Flip Saunders told the Washington Post:
“I thought our first, main group played really well. I probably would like to see them play the whole game, the way they were playing. We were moving the ball, we were really active and pretty much dominating in many aspects. But it was a good opportunity for us to see a lot of the young guys.”
Thursday was exit interview day for the Washington Wizards. Players cleaned out their lockers for the offseason, engaged in parting conversations with the coaching staff, and met with the media as they trickled out of the Verizon Center with their belongings. JaVale McGee and Yi Jianlian lugged big garbage sacks full of their stuff while Nick Young was carefully leaving with a fat head poster of himself.
Throughout the individual interviews, there was an overlapping sense of reflection and relief that a long season had concluded. Jordan Crawford was thankful for the opportunity he received with the Wizards. Trevor Booker gave himself a B-minus grade for his rookie campaign. John Wall emphasized learning how to lead grown men in the NBA. And Nick Young mused nostalgic about his four-year career with the organization.
The past month of solid play provided optimism for next season, but since the Wizards missed the playoffs, the unknown future of a labor dispute is no longer looming. It has now officially moved to the forefront, with the clock ticking down to the end of June when the CBA expires.
This was apparent in Mo Evans, Vice President of the NBA Players Association Executive Committee, articulating the Union’s positions of not budging on a hard cap, contract lengths or giving up the Larry Bird Rights that past generations of players had won. Also, Young proclaiming that he is basically unemployed was a chilling reminder that he might not have a job for awhile, with or without the Wizards.
Big night tonight. The Washington Capitals begin their post-season with a game against the New York Rangers in D.C. while the Washington Wizards begin their off-season after their final match of the year against the Cavaliers in Cleveland. The Wiz Kids will one day be in the playoffs, next year according to John Wall, but until then, fans will have to be content with marking May 17 down on their calendars (when the NBA’s Draft Lottery will be held), while watching 16 other teams compete for the Larry O’Brien Trophy. Speaking of the NBA playoffs, I dropped some opinionated knowledge on ESPN.com about who will shine in the post-season … check it out if you will.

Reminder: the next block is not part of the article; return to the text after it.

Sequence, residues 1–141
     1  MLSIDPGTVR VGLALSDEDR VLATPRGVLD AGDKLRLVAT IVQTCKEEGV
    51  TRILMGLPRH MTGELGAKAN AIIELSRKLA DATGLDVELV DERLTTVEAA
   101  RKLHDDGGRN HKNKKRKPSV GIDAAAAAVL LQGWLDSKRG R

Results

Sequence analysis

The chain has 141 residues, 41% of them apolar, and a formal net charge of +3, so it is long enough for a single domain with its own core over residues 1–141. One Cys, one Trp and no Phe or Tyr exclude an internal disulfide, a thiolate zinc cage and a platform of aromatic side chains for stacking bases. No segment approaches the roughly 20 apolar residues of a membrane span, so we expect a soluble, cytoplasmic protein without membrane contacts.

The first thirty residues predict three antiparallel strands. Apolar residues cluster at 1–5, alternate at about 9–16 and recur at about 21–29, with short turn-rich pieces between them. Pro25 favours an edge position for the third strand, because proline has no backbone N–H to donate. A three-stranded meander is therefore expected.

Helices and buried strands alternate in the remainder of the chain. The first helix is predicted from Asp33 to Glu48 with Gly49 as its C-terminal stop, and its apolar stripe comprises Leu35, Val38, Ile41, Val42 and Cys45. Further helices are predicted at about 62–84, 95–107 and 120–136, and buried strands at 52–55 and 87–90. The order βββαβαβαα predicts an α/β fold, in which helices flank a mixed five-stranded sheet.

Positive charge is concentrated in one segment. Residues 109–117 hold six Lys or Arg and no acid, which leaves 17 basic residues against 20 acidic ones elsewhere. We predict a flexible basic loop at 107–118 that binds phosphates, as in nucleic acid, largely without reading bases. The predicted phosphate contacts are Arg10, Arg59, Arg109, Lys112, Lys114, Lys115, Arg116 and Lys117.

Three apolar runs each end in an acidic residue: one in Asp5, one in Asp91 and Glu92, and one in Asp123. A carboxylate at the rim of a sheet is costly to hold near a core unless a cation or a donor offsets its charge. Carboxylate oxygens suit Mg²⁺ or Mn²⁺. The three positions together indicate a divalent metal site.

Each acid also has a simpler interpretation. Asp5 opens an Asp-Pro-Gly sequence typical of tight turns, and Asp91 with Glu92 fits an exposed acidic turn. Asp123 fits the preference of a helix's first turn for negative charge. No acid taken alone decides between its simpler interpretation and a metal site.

On Monday, 71-year old NBA referee Dick Bavetta called the Wizards home finale against the Boston Celtics. Known as the Cal Ripken Jr. of referees, Bavetta has been calling games since 1975 and has never missed an assignment. Going into this season, Bavetta had called an NBA-record 2,434 games that he’s obviously continued to build on in this his 36th season.
Watching him work a game from the sideline is an interesting experience. He barely makes a sound. Imagine that, a silent NBA referee. Bavetta doesn’t scream, he doesn’t even talk, much. Instead, he opts to communicate with the other members of his crew with hand signals and gestures, as well as getting players into their correct position in the same manner. I imagine he does it to conserve energy. Regardless of reason, the effective use of such a method conveys the respect that comes with time and age. There have been reports that the league would prefer Bavetta to retire, as they did not assign the dean of referees to work the NBA Finals last season. With clouds of a potential lockout looming, this season could really be the last for the legend.
Sure, the best thing about the missed Von Wafer dunk on Monday night was him unknowingly flexing/basking in his own non-accomplishment afterward on the baseline, and then turning around to run back on defense only to find a teammate who’d recovered the live ball directly in his path. That teammate, Jermaine O’Neal, ended up being called for a violation because Wafer ran into him after he’d picked up his dribble, causing him to take another dribble. Boston turnover.
Actually, the “best thing” was that Wafer’s dunk would have put the Celtics up four points with three minutes left in overtime; Washington ended up winning by one point. But another “thing” about the failed dunk attempt was the warm towel and icy-hot rubdown that JaVale McGee and Andray Blatche offered Wafer as he easily glided toward the basket, unimpeded and observed from a comfy distance by the defense. Maybe the courteous treatment actually helped Wafer blow his easy dunk off the rim. We’ll never know.
What we do know is what the whole event looked like from the sideline, in picture form, and partially obscured by referee Dick Bavetta: